New research by ME Bank suggests that 74 per cent of Australians believe prenuptial agreements are fair and have merit; however, only 18 per cent of married couples have one — despite the risks, particularly for business owners.
Alan Wright, a family law-accredited specialist from Catherine Henry Lawyers, states that entering a prenuptial agreement (commonly known as a prenup) is about protecting assets.
“The prenuptial agreement (or financial agreement as they are legally known) sets out how the property is to be divided in the event that the couple separate in the future,” Mr Wright said.
Who is using prenups?
The new research, conducted by ME Bank, found that a third of couples aged 18–24 have a prenup, the highest of any age group, according to the research.
It also found that same-sex couples are also significantly more prepared over heterosexual couples, with nearly 41 per cent signing on the dotted line.
In comparison, the “what’s mine is yours” mentality still exists for middle-aged Australians, with 90 per cent aged between 40 and 54 not having a prenup.
Family law specialist Jennifer Hetherington (pictured), of Hetherington Family Law, believes any Australian with something to lose should enter into a prenup.
“Let’s face it, they are not romantic and they are not for people marrying young with their lives ahead of them,” she said.
“People who have children and money from a previous relationship might want to safeguard prior wealth for their children, but also provide for their new spouse. A prenup is like an insurance policy to avoid a will being contested or a family law claim,” Ms Hetherington said.
Isn’t it a bet against the marriage?
ME’s research shows that 47 per cent of couples think prenuptial agreements are inappropriate in a relationship based on love.
“You’re probably more likely to claim on this policy than your home insurance policy, and you don’t want your house to be damaged or destroyed, but that doesn’t stop you insuring your home,” Ms Hetherington said.
Mr Wright also commented: “A financial agreement is not for everyone. But, if you want to protect certain assets, e.g. assets that you bring into a relationship or may inherit, then the best way to proceed is with a financial agreement.”
What about a business?
For anyone who owns a business, marital breakdowns can add another layer of complexity. As such, a prenup or financial agreement can be a useful tool, lawyers suggest.
“Small business owners want certainty about the operation of their business. A financial agreement, providing for the division of property on separation, may provide that certainty,” Mr Wright said.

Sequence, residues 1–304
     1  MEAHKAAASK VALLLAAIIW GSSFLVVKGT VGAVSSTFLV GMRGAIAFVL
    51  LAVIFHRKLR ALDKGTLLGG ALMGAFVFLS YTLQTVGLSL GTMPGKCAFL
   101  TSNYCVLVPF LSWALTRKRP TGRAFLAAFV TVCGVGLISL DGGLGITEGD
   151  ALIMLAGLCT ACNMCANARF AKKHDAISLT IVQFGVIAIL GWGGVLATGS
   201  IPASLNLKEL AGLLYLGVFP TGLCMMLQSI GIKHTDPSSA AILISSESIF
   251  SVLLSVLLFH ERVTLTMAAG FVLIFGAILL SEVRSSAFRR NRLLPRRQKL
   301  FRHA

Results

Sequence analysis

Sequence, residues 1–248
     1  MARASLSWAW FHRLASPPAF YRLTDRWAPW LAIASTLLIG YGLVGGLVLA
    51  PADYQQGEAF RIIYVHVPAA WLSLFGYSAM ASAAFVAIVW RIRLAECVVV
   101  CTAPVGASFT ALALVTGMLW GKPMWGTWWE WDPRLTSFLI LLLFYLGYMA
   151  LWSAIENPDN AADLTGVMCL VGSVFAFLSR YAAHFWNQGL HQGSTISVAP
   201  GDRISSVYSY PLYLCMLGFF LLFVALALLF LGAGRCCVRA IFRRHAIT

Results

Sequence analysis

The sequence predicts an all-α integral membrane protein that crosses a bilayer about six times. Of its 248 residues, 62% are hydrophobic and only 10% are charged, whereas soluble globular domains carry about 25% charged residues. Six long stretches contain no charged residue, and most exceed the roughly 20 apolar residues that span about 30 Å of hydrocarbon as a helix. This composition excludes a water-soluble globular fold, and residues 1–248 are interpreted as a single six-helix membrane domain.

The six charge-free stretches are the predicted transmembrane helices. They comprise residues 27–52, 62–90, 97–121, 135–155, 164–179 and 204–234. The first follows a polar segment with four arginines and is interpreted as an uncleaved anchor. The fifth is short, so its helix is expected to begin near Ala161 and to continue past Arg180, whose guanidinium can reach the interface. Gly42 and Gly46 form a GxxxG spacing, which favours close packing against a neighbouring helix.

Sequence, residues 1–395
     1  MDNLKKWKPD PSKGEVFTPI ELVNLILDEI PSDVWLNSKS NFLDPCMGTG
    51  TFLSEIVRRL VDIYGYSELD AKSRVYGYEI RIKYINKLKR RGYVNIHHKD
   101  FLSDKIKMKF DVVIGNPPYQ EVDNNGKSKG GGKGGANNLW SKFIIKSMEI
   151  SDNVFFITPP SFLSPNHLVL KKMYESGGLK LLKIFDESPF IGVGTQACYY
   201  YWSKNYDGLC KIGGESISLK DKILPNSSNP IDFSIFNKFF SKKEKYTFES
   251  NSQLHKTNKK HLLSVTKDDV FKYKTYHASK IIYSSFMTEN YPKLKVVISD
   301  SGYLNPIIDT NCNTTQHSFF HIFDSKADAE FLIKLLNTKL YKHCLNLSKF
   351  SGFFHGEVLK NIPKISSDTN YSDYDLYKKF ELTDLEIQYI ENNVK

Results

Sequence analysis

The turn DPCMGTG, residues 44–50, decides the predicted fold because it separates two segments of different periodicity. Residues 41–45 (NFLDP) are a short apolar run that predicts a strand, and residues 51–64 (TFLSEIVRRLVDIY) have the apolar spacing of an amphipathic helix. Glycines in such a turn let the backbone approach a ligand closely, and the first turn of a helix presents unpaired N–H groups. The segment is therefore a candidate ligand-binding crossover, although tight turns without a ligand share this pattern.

“If you don’t have a financial agreement, then the business forms part of the property pool to be divided. It may need to be valued by a forensic accountant.”
He added: “The matter may end up in court [and] the business may have to be sold or wound up if the owner cannot afford to retain it as part of the settlement.”
Ms Hetherington agreed that prenups should not be the exclusive domain of the rich and famous.
She said that, for business owners, as well as individuals “from the ‘big end’ of town”, they can be “an important and necessary risk management insurance against a relationship breakdown”.
“The point to remember is that prenups are absolutely legally enforceable. These agreements are not one-sided. They serve to protect the financial assets that each partner brings to the relationship,” Ms Hetherington said.
“They can also be used to protect the inheritance rights of children and other beneficiaries from a previous marriage or relationship.”
Queensland couple a prime example
Ms Hetherington said that she recently acted for a Queensland couple preparing to marry, who sought out a prenup to protect a family business owned for many years by brothers, some of whom had already experienced relationship breakdowns.
“What they wanted was for any of the brothers who were getting married to have a prenup so that the business didn’t come into it,” she said.
“They were a young couple, so it was very important that we factored in something that would make sure that the wife who was the financially less cashed-upped party would be okay on the relationship, particularly if they had children.
“It made it quite difficult because usually we don’t do prenuptial agreements if there are children, so what we did was include a formula that could be used to value the business, or the husband’s interest in the business, if the relationship broke down, so that he would not have to sell out his interest in the business and so the business itself would not be threatened by a relationship breakdown.”
Ms Hetherington concluded: “Call it a safety net, or insurance, but an agreement of this nature can also protect a business from being split up, or hav[ing] a former spouse exert some form of ongoing control over the business.”
[Related: 8 tips to ‘divorce-proof’ your business]
Adam Zuchetti is the editor of My Business, and has steered the editorial direction of the publication since the beginning of 2016. Before joining My Business, he worked on fellow Momentum Media titles The Adviser and Mortgage Business.
The two-time Publish Awards finalist has an extensive journalistic career across business, property and finance, including a four-year stint in the UK. Adam has written across both consumer and business titles, including for News Corp Australia and Domain.
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